The Fairfax County Board of Supervisors approved updated plans for the Spectrum at Reston Town Center, paving the way for the big box shopping center to be converted to a complex of high- and mid-rise office and residential buildings.
The two shopping centers are on the west side of the much denser Reston Town Center. Land-use plans for that area have always envisioned the Spectrum area serving as a buffer between the Town Center high-rises and the lower-density areas beyond them, Spectrum representative Mark Looney said.
Having the plan “gives the community an idea of what its future looks like,” said Supervisor Catherine M. Hudgins (D-Hunter Mill), who represents Reston.
The plan calls for more than 1,400 homes, 540 hotel rooms, more than 528,000 square feet of offices and about 4,700 square feet of retail. The proposed buildings range in height from seven to 15 stories.
Fairfax County might soon have its own specialty license plate, provided that county leaders can convince at least 350 people to promise to purchase the plate.
On Tuesday, Supervisor Pat Herrity (R-Springfield) brought a motion to kick off the initiative, which the board unanimously approved.
Money from the sale of the plates initially would help finance the World Police and Fire Games, which the county is hosting in 2015, and thereafter would go to Visit Fairfax, the county’s tourism agency.
“It gives our citizens a low-cost way to demonstrate pride in our community, as well as support the World Police and Fire Games and our tourism industry,” Herrity said.
The Virginia Department of Motor Vehicles’ rules for creating license plate designs require that localities collect at least 350 prepaid applications from people interested in displaying that design before it will begin manufacturing and issuing the plates.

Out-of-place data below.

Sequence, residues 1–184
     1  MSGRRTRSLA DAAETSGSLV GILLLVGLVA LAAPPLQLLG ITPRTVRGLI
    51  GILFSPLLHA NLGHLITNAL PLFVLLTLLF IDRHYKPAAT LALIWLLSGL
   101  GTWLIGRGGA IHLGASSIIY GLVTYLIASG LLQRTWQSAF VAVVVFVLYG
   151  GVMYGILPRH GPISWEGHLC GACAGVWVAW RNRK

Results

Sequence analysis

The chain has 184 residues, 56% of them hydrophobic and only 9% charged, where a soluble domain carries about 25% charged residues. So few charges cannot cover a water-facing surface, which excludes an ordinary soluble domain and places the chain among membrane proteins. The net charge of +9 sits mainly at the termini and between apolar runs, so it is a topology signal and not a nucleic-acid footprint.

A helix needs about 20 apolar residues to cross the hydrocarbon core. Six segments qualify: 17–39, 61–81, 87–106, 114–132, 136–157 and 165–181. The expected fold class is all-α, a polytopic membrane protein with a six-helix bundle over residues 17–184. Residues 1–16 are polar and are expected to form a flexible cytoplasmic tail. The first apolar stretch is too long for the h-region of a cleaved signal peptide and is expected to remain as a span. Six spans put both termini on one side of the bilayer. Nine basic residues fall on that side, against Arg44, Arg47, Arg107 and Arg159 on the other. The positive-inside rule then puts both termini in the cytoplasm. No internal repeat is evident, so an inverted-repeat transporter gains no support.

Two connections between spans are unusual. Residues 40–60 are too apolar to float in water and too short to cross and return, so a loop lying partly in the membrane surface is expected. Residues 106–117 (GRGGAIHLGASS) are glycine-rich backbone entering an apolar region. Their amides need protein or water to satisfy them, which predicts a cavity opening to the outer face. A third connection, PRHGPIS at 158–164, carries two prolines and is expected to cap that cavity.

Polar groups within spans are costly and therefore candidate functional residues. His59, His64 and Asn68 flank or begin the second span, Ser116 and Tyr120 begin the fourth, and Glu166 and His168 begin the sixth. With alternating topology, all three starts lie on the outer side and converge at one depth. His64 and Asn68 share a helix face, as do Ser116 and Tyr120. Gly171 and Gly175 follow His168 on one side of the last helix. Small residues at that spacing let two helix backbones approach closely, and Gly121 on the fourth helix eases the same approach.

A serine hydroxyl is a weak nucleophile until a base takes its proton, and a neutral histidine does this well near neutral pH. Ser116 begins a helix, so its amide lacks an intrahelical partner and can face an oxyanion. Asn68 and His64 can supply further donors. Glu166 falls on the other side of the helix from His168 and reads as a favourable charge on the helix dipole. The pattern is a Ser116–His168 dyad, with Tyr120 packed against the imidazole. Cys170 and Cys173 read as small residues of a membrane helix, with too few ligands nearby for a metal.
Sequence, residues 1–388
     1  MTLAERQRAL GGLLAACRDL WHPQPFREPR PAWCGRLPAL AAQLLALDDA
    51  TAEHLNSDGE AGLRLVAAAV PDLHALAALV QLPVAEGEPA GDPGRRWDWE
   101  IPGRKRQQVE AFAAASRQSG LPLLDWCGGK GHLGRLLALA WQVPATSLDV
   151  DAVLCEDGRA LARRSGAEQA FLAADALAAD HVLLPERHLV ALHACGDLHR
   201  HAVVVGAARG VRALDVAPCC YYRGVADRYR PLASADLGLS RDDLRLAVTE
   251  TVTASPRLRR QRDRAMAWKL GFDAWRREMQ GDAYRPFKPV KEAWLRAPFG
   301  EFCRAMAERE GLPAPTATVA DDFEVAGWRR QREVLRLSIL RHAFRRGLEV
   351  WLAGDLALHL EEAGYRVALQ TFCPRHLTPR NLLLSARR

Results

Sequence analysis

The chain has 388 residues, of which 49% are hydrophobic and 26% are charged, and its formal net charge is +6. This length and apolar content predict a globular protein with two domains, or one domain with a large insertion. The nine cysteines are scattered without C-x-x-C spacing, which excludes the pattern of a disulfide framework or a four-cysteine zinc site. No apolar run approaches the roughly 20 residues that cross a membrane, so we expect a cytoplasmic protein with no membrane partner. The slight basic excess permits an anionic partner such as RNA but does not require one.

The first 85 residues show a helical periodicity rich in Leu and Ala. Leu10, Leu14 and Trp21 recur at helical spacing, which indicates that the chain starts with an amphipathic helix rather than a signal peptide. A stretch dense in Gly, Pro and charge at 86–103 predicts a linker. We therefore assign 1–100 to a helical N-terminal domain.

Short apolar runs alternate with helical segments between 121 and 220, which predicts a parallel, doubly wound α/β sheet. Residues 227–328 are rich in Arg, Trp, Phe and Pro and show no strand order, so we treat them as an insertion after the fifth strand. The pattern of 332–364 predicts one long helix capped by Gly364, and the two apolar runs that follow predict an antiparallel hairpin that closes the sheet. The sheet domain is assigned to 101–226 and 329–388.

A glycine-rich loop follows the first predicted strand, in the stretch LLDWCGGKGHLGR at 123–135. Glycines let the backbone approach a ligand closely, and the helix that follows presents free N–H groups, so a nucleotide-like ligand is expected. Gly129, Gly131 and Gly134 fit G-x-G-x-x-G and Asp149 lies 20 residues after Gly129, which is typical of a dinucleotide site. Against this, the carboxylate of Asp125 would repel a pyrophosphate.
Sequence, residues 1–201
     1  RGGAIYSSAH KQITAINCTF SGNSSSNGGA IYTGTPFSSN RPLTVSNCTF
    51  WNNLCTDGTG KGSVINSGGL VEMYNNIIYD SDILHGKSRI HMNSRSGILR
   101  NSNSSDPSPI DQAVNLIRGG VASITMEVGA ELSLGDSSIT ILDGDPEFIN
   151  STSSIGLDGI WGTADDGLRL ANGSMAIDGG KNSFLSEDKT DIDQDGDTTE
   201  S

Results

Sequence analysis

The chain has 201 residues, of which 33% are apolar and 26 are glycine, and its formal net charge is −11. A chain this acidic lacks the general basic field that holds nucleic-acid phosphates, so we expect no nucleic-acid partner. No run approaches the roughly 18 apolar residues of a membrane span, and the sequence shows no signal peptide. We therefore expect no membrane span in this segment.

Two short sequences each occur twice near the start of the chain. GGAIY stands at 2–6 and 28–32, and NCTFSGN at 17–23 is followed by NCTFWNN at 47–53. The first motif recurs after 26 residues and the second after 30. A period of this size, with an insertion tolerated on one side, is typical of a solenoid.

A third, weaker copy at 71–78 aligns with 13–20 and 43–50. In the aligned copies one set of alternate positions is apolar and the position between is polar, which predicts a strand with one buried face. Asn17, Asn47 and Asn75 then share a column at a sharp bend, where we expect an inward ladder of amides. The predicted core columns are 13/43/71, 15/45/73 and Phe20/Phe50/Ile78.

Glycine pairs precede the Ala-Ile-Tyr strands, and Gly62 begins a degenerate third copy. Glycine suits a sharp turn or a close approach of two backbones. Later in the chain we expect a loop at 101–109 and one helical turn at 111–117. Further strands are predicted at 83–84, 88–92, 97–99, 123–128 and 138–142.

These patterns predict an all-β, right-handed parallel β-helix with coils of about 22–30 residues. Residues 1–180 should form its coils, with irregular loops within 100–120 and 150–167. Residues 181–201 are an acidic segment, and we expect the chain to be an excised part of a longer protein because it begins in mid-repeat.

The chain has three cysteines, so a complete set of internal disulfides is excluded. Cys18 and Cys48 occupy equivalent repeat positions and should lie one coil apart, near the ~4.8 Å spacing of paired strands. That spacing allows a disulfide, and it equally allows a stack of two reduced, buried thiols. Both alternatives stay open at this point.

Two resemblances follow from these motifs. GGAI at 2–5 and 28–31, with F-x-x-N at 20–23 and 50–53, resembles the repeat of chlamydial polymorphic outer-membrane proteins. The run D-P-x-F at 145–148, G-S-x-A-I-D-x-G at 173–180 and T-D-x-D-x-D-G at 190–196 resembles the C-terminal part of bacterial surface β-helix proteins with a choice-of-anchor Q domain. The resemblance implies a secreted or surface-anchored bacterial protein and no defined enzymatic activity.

The Fairfax County Park Authority has scheduled a public comment meeting for proposed updates to the Riverbend Park master plan.
The plan was last updated in 1975. But many park users have said they don’t think anything needs to change at the 400-acre natural park, which bounds the Potomac River.
A portion of the park property is developed with two homes, which the Park Authority had identified as an opportunity area for more active uses, and potentially uses that could generate revenue. Riverbend features hiking trails, a nature center, picnic areas and a boat launch. The majority of the park is a protected nature preserve.
After a nearly yearlong process of collecting community input and revising the proposal, the draft master plan calls for:
3Building a visitors center that has space for offices, a classroom/meeting room, exhibits and a sales area.
3An outdoor classroom pavilion.
3Adding parking spaces and updating the entrance to improve vehicle circulation.
Residents can learn about the plan and provide comments at a meeting at 7 p.m. next Thursday in the Great Falls Grange, 9818 Georgetown Pike. The plan is available at www.fairfaxcounty.gov/parks/plandev/riverbend.htm, and people can e-mail comments to email@example.com.
— Fairfax County Times